- Wonder Woman Lasso of Truth. Round Up ride; known in the past as: Electric Rainbow from 1974–1986, Turbo from 1987–1993, Gordon Gearworks from 1994–1998, and Grinder Gearworks from 1999–2010.
- Elmer’s Weather Balloons. A rotating carriage ride.
- Foghorn Leghorn's Barn and Railway. Kids train ride.
- Magic Flyer. A train themed kiddie roller-coaster.
- Merrie Melodies Carousel. A carousel ride.
- Pepe Le Pew's Tea Party. A teacup (spinning) ride.
- Sylvester’s Pounce and Bounce. A small drop ride.
- Taz’s Trucking Co.. A truck driving ride.
- The Looney Tunes Lodge. Playground featuring ball pit.
- Tweety’s Escape. A spinning carriage ride.
- WhistleStop Train. A train themed ride.
- Yosemite Sam’s Flight School. Spinning flying ride.
The gift shops and eateries in the park are not cheap! Expect to pay very high prices on trinkets that are "customized" merely with an imprint of the Six Flags moniker.
The quality of the food available at Magic Mountain is comparable to fast food fare, and you can expect to spend $20 for lunch for two not including drinks.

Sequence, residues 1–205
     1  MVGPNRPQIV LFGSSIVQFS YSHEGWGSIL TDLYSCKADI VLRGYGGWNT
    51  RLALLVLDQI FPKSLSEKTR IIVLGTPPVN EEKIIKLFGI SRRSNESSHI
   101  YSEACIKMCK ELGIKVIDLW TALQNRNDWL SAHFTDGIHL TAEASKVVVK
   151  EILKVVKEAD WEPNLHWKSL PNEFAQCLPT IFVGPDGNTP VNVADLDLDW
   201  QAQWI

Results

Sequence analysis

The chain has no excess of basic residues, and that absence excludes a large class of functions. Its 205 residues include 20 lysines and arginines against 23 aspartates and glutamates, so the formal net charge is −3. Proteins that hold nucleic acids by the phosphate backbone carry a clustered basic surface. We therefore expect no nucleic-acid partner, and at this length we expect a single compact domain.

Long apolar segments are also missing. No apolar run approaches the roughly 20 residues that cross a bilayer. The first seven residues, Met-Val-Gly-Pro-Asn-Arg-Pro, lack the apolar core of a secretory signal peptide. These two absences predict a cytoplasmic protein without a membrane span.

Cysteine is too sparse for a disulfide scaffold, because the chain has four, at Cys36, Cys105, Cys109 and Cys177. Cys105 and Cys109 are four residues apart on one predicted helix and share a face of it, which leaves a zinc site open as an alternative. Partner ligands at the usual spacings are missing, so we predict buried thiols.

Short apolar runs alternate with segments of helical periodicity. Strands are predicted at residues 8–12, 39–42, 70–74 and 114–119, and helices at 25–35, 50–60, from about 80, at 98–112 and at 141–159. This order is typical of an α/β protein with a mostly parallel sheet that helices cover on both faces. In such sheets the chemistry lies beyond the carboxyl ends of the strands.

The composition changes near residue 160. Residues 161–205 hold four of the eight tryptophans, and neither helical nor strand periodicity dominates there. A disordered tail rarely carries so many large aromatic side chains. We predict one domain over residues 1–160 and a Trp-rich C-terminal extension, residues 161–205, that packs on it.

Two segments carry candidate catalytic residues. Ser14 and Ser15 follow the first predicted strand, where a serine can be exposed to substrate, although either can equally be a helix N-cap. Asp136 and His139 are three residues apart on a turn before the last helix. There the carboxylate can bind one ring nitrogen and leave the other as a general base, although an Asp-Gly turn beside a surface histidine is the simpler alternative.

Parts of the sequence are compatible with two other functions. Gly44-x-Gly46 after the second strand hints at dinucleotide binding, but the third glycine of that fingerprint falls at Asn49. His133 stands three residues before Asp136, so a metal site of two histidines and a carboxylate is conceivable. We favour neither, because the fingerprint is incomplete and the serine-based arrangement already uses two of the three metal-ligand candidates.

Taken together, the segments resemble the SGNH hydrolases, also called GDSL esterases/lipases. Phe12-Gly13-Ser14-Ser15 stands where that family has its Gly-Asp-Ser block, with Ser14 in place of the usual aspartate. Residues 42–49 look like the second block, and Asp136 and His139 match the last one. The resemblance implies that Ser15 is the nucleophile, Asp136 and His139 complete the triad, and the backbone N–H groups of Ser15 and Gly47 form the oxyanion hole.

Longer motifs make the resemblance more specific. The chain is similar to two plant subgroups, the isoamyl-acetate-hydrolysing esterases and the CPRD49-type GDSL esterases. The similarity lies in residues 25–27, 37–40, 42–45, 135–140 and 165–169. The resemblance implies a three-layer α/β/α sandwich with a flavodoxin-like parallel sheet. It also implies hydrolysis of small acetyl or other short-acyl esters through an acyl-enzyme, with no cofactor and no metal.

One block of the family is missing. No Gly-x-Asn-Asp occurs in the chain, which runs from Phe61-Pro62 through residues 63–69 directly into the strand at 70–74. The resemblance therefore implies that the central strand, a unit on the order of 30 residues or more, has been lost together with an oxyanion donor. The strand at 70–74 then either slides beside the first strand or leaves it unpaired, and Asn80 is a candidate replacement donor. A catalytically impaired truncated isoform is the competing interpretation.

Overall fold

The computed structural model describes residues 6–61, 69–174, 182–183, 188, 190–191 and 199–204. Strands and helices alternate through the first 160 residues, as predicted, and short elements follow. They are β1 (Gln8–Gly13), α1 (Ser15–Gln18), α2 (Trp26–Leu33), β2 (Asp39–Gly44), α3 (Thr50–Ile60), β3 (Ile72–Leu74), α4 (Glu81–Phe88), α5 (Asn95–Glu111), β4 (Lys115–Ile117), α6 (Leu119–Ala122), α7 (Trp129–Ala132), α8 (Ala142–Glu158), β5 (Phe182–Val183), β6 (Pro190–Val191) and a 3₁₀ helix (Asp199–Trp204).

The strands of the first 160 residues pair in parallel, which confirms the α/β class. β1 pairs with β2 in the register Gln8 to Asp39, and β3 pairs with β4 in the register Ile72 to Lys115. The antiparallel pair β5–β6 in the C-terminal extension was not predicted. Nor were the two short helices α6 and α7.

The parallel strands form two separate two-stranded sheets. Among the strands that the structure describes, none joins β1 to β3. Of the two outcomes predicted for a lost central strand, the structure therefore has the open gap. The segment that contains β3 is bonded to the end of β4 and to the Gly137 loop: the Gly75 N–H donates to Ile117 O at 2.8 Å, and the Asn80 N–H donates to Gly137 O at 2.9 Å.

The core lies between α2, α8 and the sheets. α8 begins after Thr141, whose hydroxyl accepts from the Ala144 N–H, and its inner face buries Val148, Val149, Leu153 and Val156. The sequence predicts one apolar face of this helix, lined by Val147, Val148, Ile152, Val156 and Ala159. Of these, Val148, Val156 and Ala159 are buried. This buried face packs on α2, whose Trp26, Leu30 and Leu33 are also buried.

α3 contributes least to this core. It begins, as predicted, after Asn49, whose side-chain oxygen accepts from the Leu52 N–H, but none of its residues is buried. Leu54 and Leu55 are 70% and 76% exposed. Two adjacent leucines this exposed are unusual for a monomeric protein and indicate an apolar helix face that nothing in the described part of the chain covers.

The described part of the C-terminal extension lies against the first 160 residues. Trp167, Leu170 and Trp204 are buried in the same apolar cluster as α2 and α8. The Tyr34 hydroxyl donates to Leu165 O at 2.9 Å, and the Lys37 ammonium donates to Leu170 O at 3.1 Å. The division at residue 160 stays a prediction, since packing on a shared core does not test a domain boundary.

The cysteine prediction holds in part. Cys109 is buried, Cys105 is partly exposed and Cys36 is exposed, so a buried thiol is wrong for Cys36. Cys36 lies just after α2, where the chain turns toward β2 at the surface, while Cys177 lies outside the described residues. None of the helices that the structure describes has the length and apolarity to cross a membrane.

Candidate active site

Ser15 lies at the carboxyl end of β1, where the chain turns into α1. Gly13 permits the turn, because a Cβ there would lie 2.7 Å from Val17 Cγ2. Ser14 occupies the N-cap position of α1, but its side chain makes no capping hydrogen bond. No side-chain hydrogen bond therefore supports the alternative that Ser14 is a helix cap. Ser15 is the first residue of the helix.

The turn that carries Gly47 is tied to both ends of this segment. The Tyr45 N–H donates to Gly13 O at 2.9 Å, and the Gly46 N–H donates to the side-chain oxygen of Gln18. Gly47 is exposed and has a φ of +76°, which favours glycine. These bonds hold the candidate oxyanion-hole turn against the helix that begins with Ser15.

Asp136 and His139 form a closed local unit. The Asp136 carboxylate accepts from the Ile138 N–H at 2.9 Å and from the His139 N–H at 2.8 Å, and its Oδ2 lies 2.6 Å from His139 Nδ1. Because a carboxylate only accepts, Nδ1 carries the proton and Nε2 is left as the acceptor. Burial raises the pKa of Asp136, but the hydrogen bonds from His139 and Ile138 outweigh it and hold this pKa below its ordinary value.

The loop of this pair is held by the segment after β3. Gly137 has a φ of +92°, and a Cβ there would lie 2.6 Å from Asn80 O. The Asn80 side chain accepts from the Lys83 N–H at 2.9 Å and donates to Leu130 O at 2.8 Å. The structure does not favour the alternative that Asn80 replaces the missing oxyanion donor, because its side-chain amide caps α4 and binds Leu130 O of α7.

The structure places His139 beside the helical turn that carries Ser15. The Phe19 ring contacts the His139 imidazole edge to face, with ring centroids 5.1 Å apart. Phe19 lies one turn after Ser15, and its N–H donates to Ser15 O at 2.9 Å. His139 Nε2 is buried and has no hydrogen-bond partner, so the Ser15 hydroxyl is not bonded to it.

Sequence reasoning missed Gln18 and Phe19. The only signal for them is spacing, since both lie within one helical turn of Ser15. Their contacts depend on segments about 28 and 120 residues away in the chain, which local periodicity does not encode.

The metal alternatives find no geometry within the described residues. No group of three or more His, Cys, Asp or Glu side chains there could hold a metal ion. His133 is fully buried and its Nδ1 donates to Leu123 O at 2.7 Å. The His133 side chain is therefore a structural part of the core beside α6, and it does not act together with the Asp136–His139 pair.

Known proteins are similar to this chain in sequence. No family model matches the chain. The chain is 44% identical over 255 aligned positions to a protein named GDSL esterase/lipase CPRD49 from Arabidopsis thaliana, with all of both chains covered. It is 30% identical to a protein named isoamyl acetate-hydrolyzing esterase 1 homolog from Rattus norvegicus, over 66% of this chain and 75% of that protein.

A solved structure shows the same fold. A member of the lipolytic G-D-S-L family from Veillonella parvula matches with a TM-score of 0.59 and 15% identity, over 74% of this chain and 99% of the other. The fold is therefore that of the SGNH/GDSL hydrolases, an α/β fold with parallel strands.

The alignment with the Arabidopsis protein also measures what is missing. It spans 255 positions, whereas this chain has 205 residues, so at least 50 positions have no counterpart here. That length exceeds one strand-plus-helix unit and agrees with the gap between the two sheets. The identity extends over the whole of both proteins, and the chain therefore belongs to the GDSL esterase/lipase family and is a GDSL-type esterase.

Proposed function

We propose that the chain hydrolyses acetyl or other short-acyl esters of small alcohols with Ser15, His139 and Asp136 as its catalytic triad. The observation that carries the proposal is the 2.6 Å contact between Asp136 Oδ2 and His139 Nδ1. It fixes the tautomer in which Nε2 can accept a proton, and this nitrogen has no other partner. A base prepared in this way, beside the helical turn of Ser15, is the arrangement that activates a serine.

Various alcoholic drinks are sold in the park; ID is required and is often strongly enforced even if you look of age. Outside food and drinks are not allowed; however, most people do not have problems with bringing in a water bottle.
- Holiday Inn Express Hotel & Suites Santa Clarita (Holiday Inn Express Hotel & Suites), 27513 Championship Way, toll-free: +1-855-239-9222. Highly rated hotel offering a very short drive to the park as well as an outdoor pool and fitness facility. Complementary breakfast.
Heat and dehydration can be a problem for some people, mainly during the summer months. Drink lots of water in the park. Pain killers may not be a bad idea as some of the rides can cause headaches for some people, especially if you are not drinking enough water.
You can find a first aid office on the southeast side of the park near the "Wonder Woman Lasso of Truth" ride.